Long-lost Zhao Ziyang letter inspires activists

In this 19 May 1989 file photo, Communist Party General Secretary Zhao Ziyang, centre with megaphone, speaks with fasting university students in Beijing's Tiananmen Square, the last time he was seen in public Image copyright AP
Image caption Mr Zhao used a megaphone to tearfully ask students at Tiananmen Square to disperse

Here in Hong Kong, a semi-autonomous part of China that operates by different rules, there is a noisy and very public fight over the future of universal suffrage.

For the first time, voters are expecting to elect their chief executive, the city's top official, in 2017.

But recently, Chinese officials have suggested that only someone loyal to the Beijing government should lead Hong Kong.

The city's many democrats believe it is a sign that the current Communist Party leadership would never allow true democracy on Chinese soil.

Their campaign for political reform has been energised by the rediscovery of a letter written by former Premier Zhao Ziyang.

The University of Hong Kong Students' Union has just unearthed a letter, previously presumed lost, written by Mr Zhao to the students in May 1984.

At the time, the governments of China and Britain were in talks about the future of Hong Kong, then a Crown colony.

The two sides were just months away from signing the Sino-British Joint Declaration, a "divorce settlement" of sorts, outlining the terms by which Hong Kong would return to Chinese rule.

The students had written to Mr Zhao asking about the future of universal suffrage here.

Using plain everyday language, he wrote back, saying protecting the people's democratic rights was a basic principle of the government.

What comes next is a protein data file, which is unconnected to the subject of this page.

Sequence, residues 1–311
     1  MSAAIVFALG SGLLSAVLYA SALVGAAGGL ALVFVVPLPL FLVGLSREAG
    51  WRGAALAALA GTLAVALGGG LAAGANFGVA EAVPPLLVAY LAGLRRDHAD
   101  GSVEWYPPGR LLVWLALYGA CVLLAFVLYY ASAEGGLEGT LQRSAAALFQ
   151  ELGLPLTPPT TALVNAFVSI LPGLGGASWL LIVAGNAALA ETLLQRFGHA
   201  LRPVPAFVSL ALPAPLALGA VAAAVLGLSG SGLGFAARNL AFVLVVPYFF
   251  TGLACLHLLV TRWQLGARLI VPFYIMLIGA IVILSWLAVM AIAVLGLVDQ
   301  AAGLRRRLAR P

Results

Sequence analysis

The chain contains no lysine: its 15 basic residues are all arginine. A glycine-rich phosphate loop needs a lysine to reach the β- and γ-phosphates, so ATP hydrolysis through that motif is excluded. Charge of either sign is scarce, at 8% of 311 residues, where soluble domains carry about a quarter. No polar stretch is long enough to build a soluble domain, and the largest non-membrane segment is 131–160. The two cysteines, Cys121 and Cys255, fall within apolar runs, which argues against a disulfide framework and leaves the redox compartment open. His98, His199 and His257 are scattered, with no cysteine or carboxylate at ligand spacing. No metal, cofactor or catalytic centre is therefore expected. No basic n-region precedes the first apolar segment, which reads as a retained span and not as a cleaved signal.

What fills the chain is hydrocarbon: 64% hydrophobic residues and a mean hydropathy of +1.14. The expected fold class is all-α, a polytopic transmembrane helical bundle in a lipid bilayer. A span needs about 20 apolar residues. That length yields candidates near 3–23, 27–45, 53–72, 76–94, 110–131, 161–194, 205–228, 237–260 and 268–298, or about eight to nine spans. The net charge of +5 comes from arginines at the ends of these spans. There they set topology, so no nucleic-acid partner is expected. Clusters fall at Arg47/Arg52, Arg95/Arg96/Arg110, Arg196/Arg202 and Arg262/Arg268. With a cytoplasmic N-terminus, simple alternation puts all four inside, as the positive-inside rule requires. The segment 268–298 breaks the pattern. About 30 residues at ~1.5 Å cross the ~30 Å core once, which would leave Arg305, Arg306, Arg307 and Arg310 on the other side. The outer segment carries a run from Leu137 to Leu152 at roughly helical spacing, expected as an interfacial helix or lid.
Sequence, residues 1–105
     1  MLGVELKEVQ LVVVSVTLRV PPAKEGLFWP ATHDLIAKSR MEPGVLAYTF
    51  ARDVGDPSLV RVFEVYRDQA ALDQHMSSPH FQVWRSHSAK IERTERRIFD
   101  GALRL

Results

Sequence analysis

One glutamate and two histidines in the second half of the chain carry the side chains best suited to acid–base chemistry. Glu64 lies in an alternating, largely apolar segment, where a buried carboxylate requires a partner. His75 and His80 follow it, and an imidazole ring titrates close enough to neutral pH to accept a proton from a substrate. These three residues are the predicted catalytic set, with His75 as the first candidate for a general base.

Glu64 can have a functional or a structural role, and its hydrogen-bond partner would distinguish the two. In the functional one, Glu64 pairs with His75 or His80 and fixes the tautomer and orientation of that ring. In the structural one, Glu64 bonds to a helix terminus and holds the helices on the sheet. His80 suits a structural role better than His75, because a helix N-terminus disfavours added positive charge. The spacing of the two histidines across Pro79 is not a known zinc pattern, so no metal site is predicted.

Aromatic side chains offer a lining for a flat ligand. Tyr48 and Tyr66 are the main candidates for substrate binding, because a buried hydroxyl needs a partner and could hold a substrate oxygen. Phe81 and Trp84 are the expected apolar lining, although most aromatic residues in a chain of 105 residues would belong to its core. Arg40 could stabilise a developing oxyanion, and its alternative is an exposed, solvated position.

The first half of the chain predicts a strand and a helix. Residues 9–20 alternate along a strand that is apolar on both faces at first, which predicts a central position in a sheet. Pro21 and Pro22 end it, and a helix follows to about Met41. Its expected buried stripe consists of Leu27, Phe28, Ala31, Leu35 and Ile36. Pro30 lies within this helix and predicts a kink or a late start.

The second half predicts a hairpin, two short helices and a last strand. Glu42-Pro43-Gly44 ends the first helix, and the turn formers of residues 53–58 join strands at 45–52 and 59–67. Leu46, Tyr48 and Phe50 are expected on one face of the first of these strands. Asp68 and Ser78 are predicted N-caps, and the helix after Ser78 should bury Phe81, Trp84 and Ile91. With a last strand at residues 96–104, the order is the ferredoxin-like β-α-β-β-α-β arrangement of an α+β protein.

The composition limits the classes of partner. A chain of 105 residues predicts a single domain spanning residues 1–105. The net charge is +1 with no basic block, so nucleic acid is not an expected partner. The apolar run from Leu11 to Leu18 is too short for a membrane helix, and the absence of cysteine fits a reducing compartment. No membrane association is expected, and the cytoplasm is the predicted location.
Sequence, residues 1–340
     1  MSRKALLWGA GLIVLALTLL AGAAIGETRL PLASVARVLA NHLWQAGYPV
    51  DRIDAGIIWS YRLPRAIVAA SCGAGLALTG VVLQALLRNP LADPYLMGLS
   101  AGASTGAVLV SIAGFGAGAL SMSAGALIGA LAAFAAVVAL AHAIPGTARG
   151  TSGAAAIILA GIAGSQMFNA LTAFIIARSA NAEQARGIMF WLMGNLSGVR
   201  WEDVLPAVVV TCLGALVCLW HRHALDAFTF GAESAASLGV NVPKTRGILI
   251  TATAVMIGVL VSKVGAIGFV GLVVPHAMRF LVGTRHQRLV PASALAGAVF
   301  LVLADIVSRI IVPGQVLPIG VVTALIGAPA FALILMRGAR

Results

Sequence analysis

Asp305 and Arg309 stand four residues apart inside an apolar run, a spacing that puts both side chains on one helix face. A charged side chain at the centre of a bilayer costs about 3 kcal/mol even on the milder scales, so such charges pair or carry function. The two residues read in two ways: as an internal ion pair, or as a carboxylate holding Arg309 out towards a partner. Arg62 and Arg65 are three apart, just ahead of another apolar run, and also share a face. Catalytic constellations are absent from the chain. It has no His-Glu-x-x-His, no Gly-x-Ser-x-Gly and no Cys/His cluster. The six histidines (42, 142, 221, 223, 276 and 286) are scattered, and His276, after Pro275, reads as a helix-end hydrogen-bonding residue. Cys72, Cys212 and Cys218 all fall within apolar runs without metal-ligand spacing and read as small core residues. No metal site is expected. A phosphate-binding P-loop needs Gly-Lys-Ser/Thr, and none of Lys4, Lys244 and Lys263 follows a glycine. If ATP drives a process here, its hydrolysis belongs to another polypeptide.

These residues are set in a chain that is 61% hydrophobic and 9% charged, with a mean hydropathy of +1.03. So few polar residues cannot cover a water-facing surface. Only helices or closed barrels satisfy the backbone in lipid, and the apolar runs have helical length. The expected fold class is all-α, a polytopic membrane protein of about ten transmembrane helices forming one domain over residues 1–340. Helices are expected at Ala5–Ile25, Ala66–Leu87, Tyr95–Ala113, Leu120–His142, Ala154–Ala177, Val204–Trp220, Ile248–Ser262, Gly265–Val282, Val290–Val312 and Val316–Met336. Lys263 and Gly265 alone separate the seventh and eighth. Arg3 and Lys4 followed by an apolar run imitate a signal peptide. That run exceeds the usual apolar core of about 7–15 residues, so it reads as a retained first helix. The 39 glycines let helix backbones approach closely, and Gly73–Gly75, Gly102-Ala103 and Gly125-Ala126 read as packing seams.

He assured the students there would, indeed, be democratic rule in Hong Kong.

Image copyright AFP
Image caption Hong Kong is currently grappling with the future of universal suffrage in the territory

The message inspired young activists then and inspires them now, said Benny Tai, a former student leader.

In some ways, Mr Tai's life has not changed dramatically over the past three decades.

He is still at the University of Hong Kong, albeit now as a professor, and continues to call for democratic reforms.

Mr Tai is one of the organisers of a campaign of civil disobedience, called Occupy Central, potentially inviting voters to block the streets of the financial district to fight for genuine universal suffrage.

In this campaign, many see echoes of the idealistic demonstrators at Tiananmen Square in 1989.

It was Mr Zhao who, with a megaphone in hand and tears in his eyes, famously asked the students to disperse.

But he was, of course, unable to stop the violent crackdown that followed.

After losing a power struggle against his more hard-line rivals, Mr Zhao spent the last 15 years of his life under house arrest.

With the letter, he has been able to speak from beyond the grave, lending support to Hong Kong's current pro-democracy movement.

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